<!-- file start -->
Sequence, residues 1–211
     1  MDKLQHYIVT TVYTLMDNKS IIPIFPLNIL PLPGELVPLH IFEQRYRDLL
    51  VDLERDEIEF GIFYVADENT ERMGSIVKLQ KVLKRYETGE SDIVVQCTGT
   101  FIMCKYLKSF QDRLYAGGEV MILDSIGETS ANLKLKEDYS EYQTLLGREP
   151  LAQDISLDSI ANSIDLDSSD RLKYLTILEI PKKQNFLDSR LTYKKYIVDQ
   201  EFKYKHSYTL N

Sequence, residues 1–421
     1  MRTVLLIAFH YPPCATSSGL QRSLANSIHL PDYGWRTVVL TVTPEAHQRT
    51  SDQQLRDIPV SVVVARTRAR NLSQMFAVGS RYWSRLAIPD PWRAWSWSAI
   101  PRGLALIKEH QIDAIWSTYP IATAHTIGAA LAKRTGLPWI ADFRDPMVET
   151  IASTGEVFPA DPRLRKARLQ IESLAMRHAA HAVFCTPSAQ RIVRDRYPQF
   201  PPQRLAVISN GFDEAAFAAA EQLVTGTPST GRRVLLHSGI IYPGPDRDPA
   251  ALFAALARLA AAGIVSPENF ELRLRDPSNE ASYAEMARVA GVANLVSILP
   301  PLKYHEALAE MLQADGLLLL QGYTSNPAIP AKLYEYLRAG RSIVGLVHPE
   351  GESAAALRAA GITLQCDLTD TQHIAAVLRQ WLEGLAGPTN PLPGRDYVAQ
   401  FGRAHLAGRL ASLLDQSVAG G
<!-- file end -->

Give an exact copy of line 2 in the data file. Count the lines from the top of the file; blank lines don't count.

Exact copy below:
     1  MDKLQHYIVT TVYTLMDNKS IIPIFPLNIL PLPGELVPLH IFEQRYRDLL